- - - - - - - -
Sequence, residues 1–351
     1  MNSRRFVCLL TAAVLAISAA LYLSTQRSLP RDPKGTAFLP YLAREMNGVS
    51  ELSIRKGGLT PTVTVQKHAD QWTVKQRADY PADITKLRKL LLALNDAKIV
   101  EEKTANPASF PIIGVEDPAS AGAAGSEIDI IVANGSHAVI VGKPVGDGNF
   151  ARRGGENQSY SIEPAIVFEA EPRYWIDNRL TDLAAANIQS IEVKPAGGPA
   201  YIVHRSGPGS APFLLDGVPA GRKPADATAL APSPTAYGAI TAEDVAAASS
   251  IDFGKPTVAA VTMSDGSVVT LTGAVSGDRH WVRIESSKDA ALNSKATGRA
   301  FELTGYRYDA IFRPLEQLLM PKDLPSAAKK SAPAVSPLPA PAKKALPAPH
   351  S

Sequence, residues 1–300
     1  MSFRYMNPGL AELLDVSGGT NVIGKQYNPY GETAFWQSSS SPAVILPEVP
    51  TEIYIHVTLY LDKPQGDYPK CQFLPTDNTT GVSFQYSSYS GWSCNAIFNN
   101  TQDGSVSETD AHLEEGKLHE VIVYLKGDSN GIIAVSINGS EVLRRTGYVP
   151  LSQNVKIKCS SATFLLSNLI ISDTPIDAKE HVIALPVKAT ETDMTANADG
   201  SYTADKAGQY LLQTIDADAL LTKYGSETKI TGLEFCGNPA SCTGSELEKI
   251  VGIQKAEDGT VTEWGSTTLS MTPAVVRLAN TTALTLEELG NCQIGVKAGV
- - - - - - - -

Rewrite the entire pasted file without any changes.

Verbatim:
Sequence, residues 1–351
     1  MNSRRFVCLL TAAVLAISAA LYLSTQRSLP RDPKGTAFLP YLAREMNGVS
    51  ELSIRKGGLT PTVTVQKHAD QWTVKQRADY PADITKLRKL LLALNDAKIV
   101  EEKTANPASF PIIGVEDPAS AGAAGSEIDI IVANGSHAVI VGKPVGDGNF
   151  ARRGGENQSY SIEPAIVFEA EPRYWIDNRL TDLAAANIQS IEVKPAGGPA
   201  YIVHRSGPGS APFLLDGVPA GRKPADATAL APSPTAYGAI TAEDVAAASS
   251  IDFGKPTVAA VTMSDGSVVT LTGAVSGDRH WVRIESSKDA ALNSKATGRA
   301  FELTGYRYDA IFRPLEQLLM PKDLPSAAKK SAPAVSPLPA PAKKALPAPH
   351  S

Sequence, residues 1–300
     1  MSFRYMNPGL AELLDVSGGT NVIGKQYNPY GETAFWQSSS SPAVILPEVP
    51  TEIYIHVTLY LDKPQGDYPK CQFLPTDNTT GVSFQYSSYS GWSCNAIFNN
   101  TQDGSVSETD AHLEEGKLHE VIVYLKGDSN GIIAVSINGS EVLRRTGYVP
   151  LSQNVKIKCS SATFLLSNLI ISDTPIDAKE HVIALPVKAT ETDMTANADG
   201  SYTADKAGQY LLQTIDADAL LTKYGSETKI TGLEFCGNPA SCTGSELEKI
   251  VGIQKAEDGT VTEWGSTTLS MTPAVVRLAN TTALTLEELG NCQIGVKAGV